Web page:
The head coach of Germany’s national team Joachim Loew and former Bayern Munich incumbent Jupp Heynckes say that the good reputation of German football could be in danger after the latest crowd trouble during the second division relegation playoff between 1860 Munich and Jahn Regensburg. The incident has left the vast majority of the country’s fans in a state of shock.
“Violent fans abuse the sport of football”, said Loew, while Heynckes fears the game could even be falling apart. Both coaches have demanded that all the relevant bodies – police and the legal system, clubs and the German Football Association (DFB) – come together and solve the problem. Loew emphasized that there is an obligation to ensure children and families can visit football arenas in safety.
The relegation playoff in Munich had to be suspended for about 30 minutes after fans ripped up seats and threw them onto the pitch along with iron bars. Only a massive police presence prevented further rioting. Regensburg’s goal keeper was constantly pelted with projectiles in the final minutes of the match.
The DFB is considering abolishing standing room in German football arenas and implementing personalized tickets. A reform of the current relegation system is currently under discussion. The latest proposals include a system similar to the four-club promotion playoffs in England.
Germany has to date relied on relegation playoffs between the third last team in one division against the third from top in the lower league. Critics say the system provokes fan emotions far too much. Supporters of the current system insist that the problem of emotions would not be solved by the proposed changes, as it would only shift the action to the league’s last round of matches.
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Concern about hooliganism is growing within the DFB as clubs have had to pay more fines that ever before – the two million euro barrier was broken in the 2016/2017 season.
German football and its clubs are also facing a controversial debate about commercialization of the game, especially as fans jeered the recent cup final halftime show.
A famous German singer was booed off the stage and fans were disrespectful when the German national anthem was played.
In addition to the trouble in Munich, fans invaded the pitch in Braunschweig after the relegation playoff against first division VfL Wolfsburg. Again a strong police presence was necessary to restore order.
This season, several games had to be interrupted because fans let off flares, leaving several persons injured. While German authorities regard these fireworks as dangerous, fans say they are part of their culture. The German police recently demanded that games be played behind closed doors if the problems can’t be solved soon.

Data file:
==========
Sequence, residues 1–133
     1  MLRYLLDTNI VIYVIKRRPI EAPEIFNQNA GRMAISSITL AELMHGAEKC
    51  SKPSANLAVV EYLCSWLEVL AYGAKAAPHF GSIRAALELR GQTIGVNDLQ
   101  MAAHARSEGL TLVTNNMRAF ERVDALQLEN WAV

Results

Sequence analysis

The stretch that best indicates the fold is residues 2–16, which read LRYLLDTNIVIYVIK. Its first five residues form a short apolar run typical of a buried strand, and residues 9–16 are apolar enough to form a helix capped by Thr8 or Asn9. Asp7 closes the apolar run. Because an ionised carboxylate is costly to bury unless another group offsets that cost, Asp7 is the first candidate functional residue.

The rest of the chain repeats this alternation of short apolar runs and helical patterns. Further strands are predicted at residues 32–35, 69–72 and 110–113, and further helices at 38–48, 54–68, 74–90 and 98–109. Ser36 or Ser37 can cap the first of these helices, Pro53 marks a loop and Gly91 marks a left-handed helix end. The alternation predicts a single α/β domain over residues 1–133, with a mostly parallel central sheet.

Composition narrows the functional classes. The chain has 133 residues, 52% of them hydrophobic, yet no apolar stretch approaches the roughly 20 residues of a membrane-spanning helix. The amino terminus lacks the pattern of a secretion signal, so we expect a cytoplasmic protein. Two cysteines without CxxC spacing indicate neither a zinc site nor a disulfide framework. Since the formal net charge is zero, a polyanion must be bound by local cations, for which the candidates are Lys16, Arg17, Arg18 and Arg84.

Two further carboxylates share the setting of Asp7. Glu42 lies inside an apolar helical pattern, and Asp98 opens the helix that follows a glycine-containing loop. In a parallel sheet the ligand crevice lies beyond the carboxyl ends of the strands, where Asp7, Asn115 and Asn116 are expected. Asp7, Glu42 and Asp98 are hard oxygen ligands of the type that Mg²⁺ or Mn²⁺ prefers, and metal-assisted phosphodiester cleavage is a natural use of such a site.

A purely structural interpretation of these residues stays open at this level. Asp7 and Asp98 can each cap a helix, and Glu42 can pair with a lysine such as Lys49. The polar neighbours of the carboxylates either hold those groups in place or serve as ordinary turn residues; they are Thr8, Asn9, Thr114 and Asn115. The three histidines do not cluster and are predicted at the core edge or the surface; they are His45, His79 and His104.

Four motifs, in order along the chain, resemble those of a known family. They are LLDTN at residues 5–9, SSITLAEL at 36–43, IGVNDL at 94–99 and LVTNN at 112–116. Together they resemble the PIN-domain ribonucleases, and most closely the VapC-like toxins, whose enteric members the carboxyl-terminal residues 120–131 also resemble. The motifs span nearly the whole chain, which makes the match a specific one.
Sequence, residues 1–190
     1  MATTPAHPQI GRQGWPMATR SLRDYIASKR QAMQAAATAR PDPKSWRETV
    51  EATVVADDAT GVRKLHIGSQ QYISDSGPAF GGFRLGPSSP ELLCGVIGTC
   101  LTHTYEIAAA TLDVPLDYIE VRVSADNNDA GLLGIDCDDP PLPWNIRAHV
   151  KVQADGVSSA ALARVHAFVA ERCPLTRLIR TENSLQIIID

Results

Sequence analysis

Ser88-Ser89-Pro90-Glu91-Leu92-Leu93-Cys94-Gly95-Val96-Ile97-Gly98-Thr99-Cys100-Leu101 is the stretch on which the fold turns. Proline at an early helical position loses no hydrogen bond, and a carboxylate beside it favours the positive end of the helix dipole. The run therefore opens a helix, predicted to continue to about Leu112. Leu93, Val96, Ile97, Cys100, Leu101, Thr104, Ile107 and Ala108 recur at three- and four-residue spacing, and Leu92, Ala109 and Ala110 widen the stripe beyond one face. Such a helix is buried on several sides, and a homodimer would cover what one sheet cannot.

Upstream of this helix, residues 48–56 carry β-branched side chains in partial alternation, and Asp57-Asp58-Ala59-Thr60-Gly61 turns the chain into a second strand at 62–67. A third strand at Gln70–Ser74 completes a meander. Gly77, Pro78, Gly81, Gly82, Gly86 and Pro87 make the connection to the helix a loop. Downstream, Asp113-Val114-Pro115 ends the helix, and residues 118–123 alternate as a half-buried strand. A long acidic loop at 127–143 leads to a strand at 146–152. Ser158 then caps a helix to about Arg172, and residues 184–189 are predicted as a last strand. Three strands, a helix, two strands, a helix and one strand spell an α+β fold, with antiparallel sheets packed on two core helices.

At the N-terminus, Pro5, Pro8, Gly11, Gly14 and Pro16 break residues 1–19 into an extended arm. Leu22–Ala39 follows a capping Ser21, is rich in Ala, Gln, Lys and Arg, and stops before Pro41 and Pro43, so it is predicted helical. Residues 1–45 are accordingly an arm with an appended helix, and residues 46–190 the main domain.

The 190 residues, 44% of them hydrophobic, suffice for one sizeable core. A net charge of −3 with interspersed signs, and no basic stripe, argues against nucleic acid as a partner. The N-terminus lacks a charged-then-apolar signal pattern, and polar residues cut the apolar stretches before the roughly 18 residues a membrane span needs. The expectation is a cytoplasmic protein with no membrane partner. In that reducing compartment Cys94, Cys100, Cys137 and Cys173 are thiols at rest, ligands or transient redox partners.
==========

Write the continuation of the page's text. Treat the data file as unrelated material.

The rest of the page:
So-called “ultras” are considered to be causing the biggest problem amongst fan clubs. Several of these groups have been infiltrated by far-right political elements in the country.
Up to 5,000 fans in Germany appear prepared to resort to violence and crime and to motivate others to join their ranks. Several fan groups have held up banners declaring war on the German association, while one top team’s bus was blocked by fans.
Many in German football consider England’s system as a possible solution. Alcohol is banned in the stadium there, CCTV is in use throughout the arena and traveling fans are not allowed to drink alcohol in buses. High ticket prices are also keeping many problem fans away from attending games, especially in the Premier League.
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But fan experts criticize expensive tickets, saying it only leads to a shift of violence to outside the stadiums. Former Bayern Munich director of sports Matthias Sammer complained about an increasing loss of values in society that would affect football as well.
DFB Vice-President Rainer Koch observed a growing gap between parts of the ultra-fan groups, the association and the clubs. FC Cologne managing director Joerg Schmadtke says political radicalization is a bigger part of the entire problem.
Nevertheless, Schmadtke said there has to be a dialogue with all the fan groups, insisting that bans alone will not solve the problem. But it is clear, Schmadtke said, that German football will soon have to find some answers.